Member Spotlight: Chris Parker
Tuesday, February 3, 2015
Posted by: Michelle Syen
In this article, we ask Chris Parker, Penn State University assistant professor and AIS member, a few questions about his interest in the field, his ideas for the future of IS, and his thoughts on the organization overall. This insight is invaluable to us as an organization; Please send an email to email@example.com with any ideas!
Q: What helped you decide to pursue a career in information systems? What drew you to the field?
A: I’ve always been interested in technology, and I had a great supervisor who recognized that the interest could be put to work in research with the right guidance. His excitement about IS topics piqued my interest in the field. Once I dug deeper and started to realize what the community is doing I was hooked.
Q: Since you have begun your career in information systems, what has changed about the field and what has stayed the same?
A: I’m relatively new to the field, but even in the last five years the increased emphasis on analytics/big data is quite apparent. Understanding the methods for handling and analyzing large data sets is becoming more and more important for empirical researchers. This trend also impacts our teaching; students in all disciplines are recognizing how understanding data can help them and many of them are coming to IS to get the training they need.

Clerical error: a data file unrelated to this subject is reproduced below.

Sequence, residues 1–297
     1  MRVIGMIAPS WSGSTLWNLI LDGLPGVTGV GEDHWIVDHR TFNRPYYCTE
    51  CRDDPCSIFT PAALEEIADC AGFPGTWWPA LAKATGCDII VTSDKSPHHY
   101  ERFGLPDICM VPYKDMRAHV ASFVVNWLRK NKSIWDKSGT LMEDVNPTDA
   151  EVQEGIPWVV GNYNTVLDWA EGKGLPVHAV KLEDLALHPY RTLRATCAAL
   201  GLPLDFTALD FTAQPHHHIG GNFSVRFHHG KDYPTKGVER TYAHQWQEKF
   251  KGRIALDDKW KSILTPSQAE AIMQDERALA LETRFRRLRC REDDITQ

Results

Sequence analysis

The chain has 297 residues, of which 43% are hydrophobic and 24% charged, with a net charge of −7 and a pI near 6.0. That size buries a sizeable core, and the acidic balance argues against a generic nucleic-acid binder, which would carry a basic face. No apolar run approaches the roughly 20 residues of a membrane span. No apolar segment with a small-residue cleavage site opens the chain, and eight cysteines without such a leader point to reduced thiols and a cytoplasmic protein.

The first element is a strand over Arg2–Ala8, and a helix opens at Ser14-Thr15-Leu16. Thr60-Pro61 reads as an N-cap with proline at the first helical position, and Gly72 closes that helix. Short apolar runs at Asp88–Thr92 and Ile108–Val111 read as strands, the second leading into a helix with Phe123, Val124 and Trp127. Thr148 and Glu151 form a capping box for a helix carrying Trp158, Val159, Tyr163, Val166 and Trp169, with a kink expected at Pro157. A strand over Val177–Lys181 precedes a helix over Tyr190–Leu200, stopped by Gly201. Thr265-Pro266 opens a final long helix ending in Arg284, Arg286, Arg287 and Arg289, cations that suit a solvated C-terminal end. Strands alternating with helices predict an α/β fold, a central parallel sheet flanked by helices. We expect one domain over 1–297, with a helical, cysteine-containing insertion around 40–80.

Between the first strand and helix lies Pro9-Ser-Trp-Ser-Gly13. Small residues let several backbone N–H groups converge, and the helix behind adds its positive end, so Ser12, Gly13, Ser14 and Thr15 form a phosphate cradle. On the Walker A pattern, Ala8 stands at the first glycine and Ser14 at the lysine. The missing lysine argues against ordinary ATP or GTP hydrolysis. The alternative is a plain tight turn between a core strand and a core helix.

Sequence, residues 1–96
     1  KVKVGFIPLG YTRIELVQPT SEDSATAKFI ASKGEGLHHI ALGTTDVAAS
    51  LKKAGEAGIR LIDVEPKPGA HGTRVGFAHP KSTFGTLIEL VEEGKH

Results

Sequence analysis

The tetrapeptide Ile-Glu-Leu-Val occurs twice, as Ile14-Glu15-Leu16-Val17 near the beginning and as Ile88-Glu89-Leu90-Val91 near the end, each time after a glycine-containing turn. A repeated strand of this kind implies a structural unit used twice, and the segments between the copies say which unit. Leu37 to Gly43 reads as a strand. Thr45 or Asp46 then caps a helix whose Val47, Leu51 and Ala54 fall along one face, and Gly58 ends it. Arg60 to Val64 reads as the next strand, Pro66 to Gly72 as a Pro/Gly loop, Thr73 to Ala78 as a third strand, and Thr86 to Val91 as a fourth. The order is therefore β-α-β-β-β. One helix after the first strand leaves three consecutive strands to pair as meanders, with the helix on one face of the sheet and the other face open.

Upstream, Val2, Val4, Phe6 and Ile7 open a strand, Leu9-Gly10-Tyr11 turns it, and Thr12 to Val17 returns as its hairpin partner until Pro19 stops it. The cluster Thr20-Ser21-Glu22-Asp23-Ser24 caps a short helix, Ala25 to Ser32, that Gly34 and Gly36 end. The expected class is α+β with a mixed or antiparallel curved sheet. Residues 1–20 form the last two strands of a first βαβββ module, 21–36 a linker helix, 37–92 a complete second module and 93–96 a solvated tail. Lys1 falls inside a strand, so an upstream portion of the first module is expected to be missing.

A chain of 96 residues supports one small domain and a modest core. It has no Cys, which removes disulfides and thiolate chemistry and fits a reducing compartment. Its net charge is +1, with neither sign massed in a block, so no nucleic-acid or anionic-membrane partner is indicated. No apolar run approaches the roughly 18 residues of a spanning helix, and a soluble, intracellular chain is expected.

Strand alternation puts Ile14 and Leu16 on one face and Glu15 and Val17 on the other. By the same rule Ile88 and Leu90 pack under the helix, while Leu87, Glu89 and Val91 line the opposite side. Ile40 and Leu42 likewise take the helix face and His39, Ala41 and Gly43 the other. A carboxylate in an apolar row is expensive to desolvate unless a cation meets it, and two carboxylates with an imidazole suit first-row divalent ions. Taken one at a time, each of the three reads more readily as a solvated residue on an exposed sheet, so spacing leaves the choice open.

Q: Where did you study, and who has served as your mentor(s)?
A: I did my Ph.D. at London Business School. Bruce Weber served as my primary IS supervisor. Kamalini Ramdas and Nicos Savva were advisors for my operations management research interests. All three are still great mentors.
Q: When did you join AIS, and what brought you to the organization?
A: I joined AIS in November 2009 to go to ICIS and WISE. Now I try to attend every year.
Q: How do you think that you have benefited from belonging to AIS?
A: I’ve benefited by staying up-to-date on research. Not only do I have the opportunity to attend major conferences but I can also still see what was presented in years when I can’t attend through the AIS eLibrary. It’s truly a great resource and I wish more associations would copy it. Even reviewing for ICIS is a great benefit to me as it introduces me to new ideas.
Q: What has been your favorite AIS memory thus far?
A: Participating in the ICIS Doctoral Consortium in Shanghai. Learning about their work and spending some time getting to know them outside of research was a tremendous amount of fun. I met some truly outside students and advisors in those few days and still keep in contact with many of them.